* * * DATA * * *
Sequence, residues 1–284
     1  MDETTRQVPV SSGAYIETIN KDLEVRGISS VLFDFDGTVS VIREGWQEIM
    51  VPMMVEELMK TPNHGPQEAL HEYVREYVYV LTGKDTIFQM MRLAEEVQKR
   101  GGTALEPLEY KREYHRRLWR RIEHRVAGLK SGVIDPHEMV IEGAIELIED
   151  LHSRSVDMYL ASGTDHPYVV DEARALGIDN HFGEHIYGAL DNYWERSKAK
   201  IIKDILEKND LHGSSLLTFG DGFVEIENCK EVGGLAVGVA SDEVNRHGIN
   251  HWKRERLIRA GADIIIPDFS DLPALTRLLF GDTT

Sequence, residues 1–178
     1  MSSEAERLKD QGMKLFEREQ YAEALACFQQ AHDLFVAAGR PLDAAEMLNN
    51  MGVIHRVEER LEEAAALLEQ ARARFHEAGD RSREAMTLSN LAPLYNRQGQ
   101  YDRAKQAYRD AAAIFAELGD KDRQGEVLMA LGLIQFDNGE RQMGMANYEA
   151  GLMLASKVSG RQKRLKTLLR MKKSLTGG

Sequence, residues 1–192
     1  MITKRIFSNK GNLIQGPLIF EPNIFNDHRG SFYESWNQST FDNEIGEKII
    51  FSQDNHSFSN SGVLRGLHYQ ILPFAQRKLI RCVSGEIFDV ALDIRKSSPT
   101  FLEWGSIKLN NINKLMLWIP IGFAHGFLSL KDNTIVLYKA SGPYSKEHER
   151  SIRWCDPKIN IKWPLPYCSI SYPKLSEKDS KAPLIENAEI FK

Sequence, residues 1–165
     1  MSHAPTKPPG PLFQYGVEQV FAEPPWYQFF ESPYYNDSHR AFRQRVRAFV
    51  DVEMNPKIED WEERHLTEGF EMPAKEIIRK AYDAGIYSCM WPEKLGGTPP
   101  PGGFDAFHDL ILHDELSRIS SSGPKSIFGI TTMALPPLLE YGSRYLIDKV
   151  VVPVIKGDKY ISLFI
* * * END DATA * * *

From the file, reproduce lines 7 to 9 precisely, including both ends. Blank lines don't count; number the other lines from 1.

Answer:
   251  HWKRERLIRA GADIIIPDFS DLPALTRLLF GDTT

Sequence, residues 1–178
     1  MSSEAERLKD QGMKLFEREQ YAEALACFQQ AHDLFVAAGR PLDAAEMLNN